Zungho Zun1, Padmini Varadarajan2, Ramdas G. Pai2, Eric C. Wong3, Krishna S. Nayak1
1Department of Electrical Engineering, University of Southern California, Los Angeles, CA, United States; 2Division of Cardiology, Loma Linda University Medical Center, Loma Linda, CA, United States; 3Departments of Radiology and Psychiatry, University of California, San Diego, La Jolla, CA, United States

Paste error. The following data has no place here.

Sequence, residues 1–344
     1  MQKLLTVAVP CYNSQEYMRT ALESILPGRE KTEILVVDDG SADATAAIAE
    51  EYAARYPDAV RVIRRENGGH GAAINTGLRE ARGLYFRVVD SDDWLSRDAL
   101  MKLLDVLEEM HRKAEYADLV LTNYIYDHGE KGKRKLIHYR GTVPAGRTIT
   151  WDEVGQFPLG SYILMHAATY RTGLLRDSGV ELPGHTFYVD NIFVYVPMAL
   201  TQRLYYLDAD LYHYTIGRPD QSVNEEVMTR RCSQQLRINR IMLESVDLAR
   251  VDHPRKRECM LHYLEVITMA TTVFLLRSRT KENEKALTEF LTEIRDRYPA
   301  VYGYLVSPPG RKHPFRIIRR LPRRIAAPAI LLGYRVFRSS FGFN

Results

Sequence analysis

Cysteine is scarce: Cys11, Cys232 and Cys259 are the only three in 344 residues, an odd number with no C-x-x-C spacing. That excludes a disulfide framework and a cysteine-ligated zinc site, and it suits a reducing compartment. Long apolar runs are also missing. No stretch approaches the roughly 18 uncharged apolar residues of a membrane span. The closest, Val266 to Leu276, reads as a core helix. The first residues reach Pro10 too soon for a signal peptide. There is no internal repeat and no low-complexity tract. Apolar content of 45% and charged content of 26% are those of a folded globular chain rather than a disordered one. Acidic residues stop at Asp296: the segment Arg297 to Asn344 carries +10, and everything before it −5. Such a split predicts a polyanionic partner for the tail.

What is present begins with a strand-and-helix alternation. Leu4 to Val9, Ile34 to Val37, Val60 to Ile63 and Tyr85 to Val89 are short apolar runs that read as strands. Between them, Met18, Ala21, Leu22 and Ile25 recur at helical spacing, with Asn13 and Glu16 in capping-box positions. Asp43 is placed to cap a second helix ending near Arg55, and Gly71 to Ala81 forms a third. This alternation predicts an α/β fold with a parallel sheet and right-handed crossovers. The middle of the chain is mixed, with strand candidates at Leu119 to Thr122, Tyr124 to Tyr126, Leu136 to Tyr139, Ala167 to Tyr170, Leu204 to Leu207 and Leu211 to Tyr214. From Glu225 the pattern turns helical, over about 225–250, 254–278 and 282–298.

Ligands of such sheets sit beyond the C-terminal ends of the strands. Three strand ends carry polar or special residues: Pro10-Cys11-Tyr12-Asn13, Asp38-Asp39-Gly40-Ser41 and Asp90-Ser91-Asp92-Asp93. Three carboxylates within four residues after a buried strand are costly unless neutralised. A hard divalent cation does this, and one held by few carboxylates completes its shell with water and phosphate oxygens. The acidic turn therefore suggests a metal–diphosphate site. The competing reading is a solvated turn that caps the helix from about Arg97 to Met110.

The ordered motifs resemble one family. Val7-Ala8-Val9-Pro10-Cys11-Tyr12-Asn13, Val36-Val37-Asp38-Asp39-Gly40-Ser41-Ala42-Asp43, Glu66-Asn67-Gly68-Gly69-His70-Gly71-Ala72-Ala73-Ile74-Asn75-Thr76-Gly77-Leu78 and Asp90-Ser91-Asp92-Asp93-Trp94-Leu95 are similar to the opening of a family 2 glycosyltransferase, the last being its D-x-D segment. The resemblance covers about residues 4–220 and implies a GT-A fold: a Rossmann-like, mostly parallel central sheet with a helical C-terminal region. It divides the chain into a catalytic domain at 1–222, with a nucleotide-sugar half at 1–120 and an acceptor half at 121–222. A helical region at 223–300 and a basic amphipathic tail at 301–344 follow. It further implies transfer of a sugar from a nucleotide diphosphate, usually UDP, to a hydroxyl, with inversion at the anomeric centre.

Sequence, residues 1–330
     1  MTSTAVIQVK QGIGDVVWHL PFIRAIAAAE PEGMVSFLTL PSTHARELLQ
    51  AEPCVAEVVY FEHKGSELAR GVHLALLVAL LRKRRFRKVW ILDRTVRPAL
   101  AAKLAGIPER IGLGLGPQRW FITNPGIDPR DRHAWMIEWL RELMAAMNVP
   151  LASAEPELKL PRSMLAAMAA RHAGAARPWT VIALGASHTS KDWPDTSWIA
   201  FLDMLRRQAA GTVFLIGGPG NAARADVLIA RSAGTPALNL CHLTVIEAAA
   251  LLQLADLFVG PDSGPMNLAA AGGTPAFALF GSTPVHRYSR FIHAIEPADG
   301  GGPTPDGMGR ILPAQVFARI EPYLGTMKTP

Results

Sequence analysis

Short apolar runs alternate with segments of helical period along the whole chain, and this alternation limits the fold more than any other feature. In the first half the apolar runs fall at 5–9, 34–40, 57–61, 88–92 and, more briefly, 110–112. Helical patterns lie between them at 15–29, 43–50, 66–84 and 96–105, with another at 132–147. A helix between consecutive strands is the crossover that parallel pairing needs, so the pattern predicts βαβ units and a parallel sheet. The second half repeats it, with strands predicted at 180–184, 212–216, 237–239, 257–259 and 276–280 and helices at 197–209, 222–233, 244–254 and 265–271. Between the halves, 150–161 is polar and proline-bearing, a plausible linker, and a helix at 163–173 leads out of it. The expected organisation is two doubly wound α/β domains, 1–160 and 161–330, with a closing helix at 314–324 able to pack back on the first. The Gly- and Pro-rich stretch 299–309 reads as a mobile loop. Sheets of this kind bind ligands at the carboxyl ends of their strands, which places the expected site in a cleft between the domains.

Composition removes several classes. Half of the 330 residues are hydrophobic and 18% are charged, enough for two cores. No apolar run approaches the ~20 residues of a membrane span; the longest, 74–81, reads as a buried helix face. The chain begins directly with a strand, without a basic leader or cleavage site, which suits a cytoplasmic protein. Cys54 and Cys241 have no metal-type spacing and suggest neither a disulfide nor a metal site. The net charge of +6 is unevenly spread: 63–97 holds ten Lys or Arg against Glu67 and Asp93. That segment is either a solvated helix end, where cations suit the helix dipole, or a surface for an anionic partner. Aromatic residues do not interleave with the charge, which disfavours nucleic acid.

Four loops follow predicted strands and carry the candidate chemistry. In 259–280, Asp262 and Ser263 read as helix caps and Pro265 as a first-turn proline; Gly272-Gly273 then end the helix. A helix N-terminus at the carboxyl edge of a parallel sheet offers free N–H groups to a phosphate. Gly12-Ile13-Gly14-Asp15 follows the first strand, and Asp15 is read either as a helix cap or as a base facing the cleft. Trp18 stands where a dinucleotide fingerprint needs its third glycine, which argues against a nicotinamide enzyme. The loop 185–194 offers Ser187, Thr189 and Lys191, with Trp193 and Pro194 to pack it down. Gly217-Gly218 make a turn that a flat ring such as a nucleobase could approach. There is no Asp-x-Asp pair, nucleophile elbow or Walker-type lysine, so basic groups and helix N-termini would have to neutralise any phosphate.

Myocardial arterial spin labeling (ASL) scans were performed at rest and during adenosine infusion in eleven patients scheduled for CMR. Seven patients were classified as normal based on having no visible perfusion defect on CMR first-pass imaging. In these subjects, there was a statistically significant increase in global myocardial blood flow (MBF) measured during adenosine infusion (3.75 1.06 ml/g/min), compared to at rest (1.09 0.53 ml/g/min). This suggests that myocardial ASL may be capable of capturing clinically relevant increases in MBF with vasodilation.